Last weekend we embarked on a three day / two night camping trip to the ruins of Merv. A short 30 km away from the present city of Mary, Turkmenistan; Merv has been declared an UNESCO World Heritage Site and rightfully so. The 5 – 5 1/2 hour drive from Ashgabat to Mary and Merv trailing along the Kopet Dag Mountains was littered with ancient ruined walls and fortresses. We stopped and one, which was not even in our guide book, “Warved Galaky” or something that we immediately started calling Warped Galaxy – a fitting term for most things in Turkmenistan, and climbed up the walls. The ancient fort had been inhabited by the Greeks, we found out later, and was scattered with pottery shards recently exposed from an unlikely rain in the desert. The fortress had a dried up mote bed still visible after centuries, and it has been said that you can still find Greek coins in the ruins here as the people of Warped Galaxy crafted coins into the C.E. after Christ.
After we went through the city of Mary, we arrived at Merv. The whole area, about 80 ha was all fortress and ancient city on top of ancient city. Merv has been referred to as a drifting or wandering city. This means that over time, water supply and changed course and therefore, you have one ruin from 300 BC and another ruin from the 1st to 3rd century C.E. overlapping with opposing and expanded fortress walls. What makes Merv so unique is that you have several distinct historical periods in different garden patches, if you will, waiting to be excavated and discovered. Luckily our friends had a 4 x 4 and we were able to drive right into the old compounds. After an hour or so scoping out the best camp area, we stopped by an ancient Buddhist stupa for camp. The stupa had been created on an opposing wall of the oldest fortress – proving social strife between the diverse compound ethnicity and religions. There were Greeks, after Alexander the Great, Nestorian Christians, Tar Tars, Buddhists, and Sassanians all grouped together. There were mounds of earth surrounding us of what once used to be mud huts or buildings. The stuppa had noticeably melted significantly after each rain that brought new artifacts up to the surface. We found a nice soft secluded area to pitch our tents, had a few beers, talked about how amazing it was that were were sleeping on the ruins which dated back as far as 3000 B.C.E. and that Alexander the Great could have been standing or setting up camp right where we were. It was invigorating and made it difficult to sleep because of all the excitement.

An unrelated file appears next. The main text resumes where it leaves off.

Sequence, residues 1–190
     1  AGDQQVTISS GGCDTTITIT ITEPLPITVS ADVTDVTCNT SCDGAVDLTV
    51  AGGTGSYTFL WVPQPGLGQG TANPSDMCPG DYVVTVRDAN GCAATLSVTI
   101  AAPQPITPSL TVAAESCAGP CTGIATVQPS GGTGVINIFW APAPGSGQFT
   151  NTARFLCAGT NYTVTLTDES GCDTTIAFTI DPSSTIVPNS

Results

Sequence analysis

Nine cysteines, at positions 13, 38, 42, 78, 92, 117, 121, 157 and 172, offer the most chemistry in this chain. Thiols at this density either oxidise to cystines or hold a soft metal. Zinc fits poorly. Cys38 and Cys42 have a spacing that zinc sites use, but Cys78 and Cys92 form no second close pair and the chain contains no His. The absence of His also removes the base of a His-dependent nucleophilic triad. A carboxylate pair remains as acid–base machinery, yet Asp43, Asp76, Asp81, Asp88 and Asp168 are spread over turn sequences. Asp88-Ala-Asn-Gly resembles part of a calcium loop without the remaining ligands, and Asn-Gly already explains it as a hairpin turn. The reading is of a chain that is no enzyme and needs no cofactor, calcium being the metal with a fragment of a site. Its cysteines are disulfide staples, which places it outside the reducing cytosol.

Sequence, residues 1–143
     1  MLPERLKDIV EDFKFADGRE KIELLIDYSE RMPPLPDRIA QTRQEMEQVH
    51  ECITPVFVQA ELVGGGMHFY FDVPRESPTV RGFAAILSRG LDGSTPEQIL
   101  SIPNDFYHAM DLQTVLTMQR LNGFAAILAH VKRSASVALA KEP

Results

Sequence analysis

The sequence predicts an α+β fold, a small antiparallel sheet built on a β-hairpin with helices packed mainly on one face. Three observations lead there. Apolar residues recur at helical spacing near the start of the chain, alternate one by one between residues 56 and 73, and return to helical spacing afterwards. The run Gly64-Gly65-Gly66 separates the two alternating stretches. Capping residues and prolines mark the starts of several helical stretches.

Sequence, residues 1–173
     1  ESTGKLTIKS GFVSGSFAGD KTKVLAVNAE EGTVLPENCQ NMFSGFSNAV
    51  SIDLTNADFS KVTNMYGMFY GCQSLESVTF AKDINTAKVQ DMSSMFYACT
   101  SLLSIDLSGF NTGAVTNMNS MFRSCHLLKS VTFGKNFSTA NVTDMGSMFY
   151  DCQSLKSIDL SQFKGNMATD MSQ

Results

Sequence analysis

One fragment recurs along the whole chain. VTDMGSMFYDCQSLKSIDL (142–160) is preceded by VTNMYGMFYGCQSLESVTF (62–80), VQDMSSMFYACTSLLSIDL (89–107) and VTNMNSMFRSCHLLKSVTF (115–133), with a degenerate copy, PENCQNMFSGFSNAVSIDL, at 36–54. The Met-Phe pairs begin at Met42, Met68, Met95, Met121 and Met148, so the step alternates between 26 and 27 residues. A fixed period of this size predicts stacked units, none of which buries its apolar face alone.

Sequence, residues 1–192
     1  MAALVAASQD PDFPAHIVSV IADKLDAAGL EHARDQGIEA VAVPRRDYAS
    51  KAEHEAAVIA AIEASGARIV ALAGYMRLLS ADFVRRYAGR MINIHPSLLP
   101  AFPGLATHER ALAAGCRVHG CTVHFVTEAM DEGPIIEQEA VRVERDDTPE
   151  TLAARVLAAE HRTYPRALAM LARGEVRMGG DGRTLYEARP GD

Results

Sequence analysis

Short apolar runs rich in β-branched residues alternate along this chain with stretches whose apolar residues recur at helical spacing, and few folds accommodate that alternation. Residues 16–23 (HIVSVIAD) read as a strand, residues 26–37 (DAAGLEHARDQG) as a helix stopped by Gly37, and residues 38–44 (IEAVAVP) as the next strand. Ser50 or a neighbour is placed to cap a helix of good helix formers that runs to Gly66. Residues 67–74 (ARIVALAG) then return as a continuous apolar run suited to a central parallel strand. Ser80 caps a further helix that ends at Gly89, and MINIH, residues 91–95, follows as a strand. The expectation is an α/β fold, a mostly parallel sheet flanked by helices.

The next morning we climbed up Erk Kala, the olded fortress, which Alexander had concured and renamed Alexanderia Margiana. As we climbed over the rain and errosion melted fortress wall we were in awe of the spectacular preservation of the central portion of the compound, as well as two towers, dating back over 2000 years. The ground crunched as we walked as it was completly littered with pottery shards. It was really disturbing to even be walking around on the ground with thousands of years of history below your feet. It is beyond me why universities do not have professors and student volunteers out here excavating and preserving theses sites. Then again, Turkmenistan is not exactly an easy country to come in and get these types of permissions with. Little did we know that this was a the beginning of a long day of exploration of the entire Merv Complex, which is host to a variety of antiquities.